Who Thought This Was a Good Idea? And Other Questions You Should Have Answers to When You Work in the White House
- By Alyssa Mastromonaco
- 256 pp.
- Reviewed by Avery J.C. Kleinman
- April 20, 2017
A former Obama staffer dishes on what it was like being the youngest female higher-up in the Oval Office.
Political memoirs are often intimidating behemoths, and despite considering myself a civic-minded woman who follows politics, I tend to avoid them. The sometimes 400-plus-page tomes can be unappealing in their self-righteousness, with their black-and-white jackets featuring photos of the knowing, closed-mouth smiles of this former world leader or that ex-secretary of state.
Who Thought This Was a Good Idea? And Other Questions You Should Have Answers to When You Work in the White House by Alyssa Mastromonaco is a clear departure from the norms of the genre.
The memoir describes how Mastromonaco ended up in Barack Obama’s inner circle, from her first encounter with politics (jumping on Newt Gingrich’s car in protest as an undergraduate) to becoming, at 32, the youngest woman to hold a senior position at the White House.
On the cover, the author sits in a seat on what we can only assume is Air Force One, with President Obama sitting on the armrest next to her. She’s wearing sandals, and her feet are folded underneath her — a casual, candid photo that reflects the honesty of the book.
That honesty is of the unflinching, self-deprecating, maybe-this-is-bordering-on-too-much sort. Within the first 15 pages, the reader learns about how difficult it is to leave the White House to buy tampons, which leads to a menstrual emergency in which Mastromonaco bleeds through her “blue-and-white houndstooth capris from J. Crew.”
Twenty-five pages later, she describes bowel troubles while accompanying the president to meet the pope at the Vatican.
“The paintings, the architecture — you don’t have to be Catholic to think it’s incredible. It’s an overwhelming place to have an IBS attack…This was the moment when I had to do some reckoning. What are my priorities? Am I going to tell someone I’m about to have diarrhea in the hopes of getting help?”
If the book sometimes feels like it ventures too far into cringe-inducing territory, the no-holds-barred style is ultimately its greatest strength.
Just like tabloid photos of famous actors chewing with their mouths open remind us that “Celebrities are people, too!” this book reminds us that even those in the most high-powered jobs are no different than the rest of us.
Though the White House is locked behind a six-foot-tall fence, requires a high-level security clearance to enter, and is patrolled by armed Secret Service personnel, for the people who work there, it’s just an office. There are birthday parties with cake. There are inter-office email flirtations. There are moments that lead to stern scoldings from the boss.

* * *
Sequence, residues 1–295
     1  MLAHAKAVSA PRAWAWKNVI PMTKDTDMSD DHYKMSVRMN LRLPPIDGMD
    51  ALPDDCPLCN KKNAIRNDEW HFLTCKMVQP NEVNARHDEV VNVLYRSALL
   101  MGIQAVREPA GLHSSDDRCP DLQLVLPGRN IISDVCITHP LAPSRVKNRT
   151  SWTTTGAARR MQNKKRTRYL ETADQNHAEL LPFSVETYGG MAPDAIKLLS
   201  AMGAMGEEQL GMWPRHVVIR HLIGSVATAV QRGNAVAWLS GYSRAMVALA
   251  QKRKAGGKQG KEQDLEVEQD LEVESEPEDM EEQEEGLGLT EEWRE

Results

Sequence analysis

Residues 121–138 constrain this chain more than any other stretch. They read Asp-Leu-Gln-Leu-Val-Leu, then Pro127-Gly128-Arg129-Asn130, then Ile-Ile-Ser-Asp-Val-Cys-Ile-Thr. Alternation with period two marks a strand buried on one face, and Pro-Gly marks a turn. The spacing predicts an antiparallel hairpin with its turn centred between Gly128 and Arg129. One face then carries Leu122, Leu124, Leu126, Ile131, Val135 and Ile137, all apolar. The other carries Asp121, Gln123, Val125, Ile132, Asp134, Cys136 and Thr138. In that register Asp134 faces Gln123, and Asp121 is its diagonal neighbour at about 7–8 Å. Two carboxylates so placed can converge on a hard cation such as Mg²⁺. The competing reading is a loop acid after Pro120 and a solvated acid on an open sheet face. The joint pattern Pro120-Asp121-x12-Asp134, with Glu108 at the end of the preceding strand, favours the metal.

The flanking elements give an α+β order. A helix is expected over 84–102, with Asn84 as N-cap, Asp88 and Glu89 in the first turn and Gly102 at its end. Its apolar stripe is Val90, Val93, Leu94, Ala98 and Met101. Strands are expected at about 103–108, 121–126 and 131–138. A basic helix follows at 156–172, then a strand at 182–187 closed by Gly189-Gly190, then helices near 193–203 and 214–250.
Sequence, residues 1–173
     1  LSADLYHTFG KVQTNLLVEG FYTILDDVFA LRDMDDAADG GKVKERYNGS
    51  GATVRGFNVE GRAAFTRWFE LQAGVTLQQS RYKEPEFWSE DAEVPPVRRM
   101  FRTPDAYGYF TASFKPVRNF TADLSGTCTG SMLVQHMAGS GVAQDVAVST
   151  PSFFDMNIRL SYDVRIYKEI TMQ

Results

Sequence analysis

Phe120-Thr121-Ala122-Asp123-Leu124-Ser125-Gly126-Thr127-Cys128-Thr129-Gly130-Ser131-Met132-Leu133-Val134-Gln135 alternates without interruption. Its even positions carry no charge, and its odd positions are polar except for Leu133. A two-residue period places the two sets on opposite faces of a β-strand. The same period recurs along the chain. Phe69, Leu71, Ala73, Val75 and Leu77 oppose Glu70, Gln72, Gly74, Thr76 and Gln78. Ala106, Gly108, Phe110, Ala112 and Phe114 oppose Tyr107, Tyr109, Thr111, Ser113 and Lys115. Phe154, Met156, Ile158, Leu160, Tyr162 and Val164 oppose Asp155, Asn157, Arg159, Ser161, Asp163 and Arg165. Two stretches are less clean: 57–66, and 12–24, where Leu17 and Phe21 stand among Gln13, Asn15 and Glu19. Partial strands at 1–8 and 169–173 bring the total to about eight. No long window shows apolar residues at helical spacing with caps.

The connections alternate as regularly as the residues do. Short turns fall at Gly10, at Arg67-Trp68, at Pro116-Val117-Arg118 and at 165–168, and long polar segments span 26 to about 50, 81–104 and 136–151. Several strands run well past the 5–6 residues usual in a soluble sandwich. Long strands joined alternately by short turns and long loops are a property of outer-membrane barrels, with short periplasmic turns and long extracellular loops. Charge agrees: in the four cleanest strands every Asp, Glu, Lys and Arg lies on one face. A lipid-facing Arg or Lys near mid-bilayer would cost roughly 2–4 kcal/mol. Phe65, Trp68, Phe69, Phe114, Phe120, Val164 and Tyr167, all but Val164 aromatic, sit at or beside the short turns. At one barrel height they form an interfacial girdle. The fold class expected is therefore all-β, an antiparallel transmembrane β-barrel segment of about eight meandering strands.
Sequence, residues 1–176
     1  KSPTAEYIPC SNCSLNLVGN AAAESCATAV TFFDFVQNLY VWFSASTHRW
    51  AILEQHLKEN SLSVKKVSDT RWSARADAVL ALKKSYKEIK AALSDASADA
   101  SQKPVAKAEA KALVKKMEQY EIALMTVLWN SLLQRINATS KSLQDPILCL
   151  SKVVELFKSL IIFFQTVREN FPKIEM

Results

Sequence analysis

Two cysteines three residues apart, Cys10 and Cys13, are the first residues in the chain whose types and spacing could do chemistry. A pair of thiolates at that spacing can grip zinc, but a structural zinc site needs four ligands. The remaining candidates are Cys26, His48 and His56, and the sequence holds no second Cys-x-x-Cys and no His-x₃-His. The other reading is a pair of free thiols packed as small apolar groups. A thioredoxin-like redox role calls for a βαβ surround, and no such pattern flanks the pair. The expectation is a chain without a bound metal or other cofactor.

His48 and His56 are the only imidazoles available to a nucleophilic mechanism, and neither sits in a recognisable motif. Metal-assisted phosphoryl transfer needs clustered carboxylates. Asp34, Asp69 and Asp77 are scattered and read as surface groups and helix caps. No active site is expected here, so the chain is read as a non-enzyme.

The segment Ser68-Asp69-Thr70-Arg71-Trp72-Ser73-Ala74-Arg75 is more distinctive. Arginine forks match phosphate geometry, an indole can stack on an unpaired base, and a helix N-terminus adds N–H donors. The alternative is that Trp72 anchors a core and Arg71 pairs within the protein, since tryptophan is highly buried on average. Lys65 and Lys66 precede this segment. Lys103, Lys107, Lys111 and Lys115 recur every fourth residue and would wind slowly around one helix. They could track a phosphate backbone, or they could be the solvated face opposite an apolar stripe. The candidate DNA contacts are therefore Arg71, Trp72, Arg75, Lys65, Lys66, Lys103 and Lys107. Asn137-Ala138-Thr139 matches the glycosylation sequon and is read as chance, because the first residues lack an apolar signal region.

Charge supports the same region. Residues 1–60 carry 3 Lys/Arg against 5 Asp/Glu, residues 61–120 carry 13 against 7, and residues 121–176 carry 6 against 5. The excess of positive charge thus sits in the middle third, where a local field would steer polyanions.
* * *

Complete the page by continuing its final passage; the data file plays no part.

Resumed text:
Only, at the White House, when Mastromonaco is being reprimanded, it’s by the president of the United States. When there’s an emergency at work, it’s because there’s an emergency in the world. The stakes are high, like when she was one of the people leading the executive branch’s response to Hurricane Sandy.
At a meeting on how to respond to that natural disaster, Mastromonaco had to overcome self-doubt to voice her idea of making a PSA informing people how to get help.
“For some people (like me), gathering the courage to speak up in meetings is a skill that requires practice. There are the normal fears — that you’ll sound stupid, that everyone else has already thought of what you’re going to say and has moved on, that what you thought was a foolproof plan has an obvious hole in it. And then there are the fears that you develop when your meetings are with the most important and powerful policy makers in the country.”
Even people at the White House get too nervous to speak up during meetings. Stars: They’re just like us!
Toward the end of the book, Mastromonaco tells us her motivation for wanting to share her experience: “The idea was an advice book/memoir geared toward women between the ages of 15 and 25…I hoped it could help women see themselves in government.”
Alas, the parts when the “advice book” goal becomes too obvious are the weakest. Twice during the book, Mastromonaco breaks away from her narrative to give tips on preparedness and finances. The interludes are awkward, shallow, and inconsistent departures from her story.
There are enough advice books out there that tell us about the importance of credit scores. And we already know about getting a good night’s sleep. Her experiences at the White House, holding the highest position a woman ever held there at her age, are what make her unique. The lessons that stay with the reader are buried within the narrative, when she shows instead of tells.
Ultimately, Mastromonaco convinces us that if you have a little bit of tenacity and aren’t scared of embarrassing yourself, you may just end up working side by side with the president. She’s someone who’s smoked pot more times than she can count, loves the Grateful Dead, and didn’t go to an Ivy League college.
If she did it, you can, too. And, hey, it won’t happen unless you try.
Avery J.C. Kleinman is a producer for the Kojo Nnamdi Show, a program on WAMU 88.5 FM, Washington, DC’s NPR station. Follow her on Twitter at @averyjck.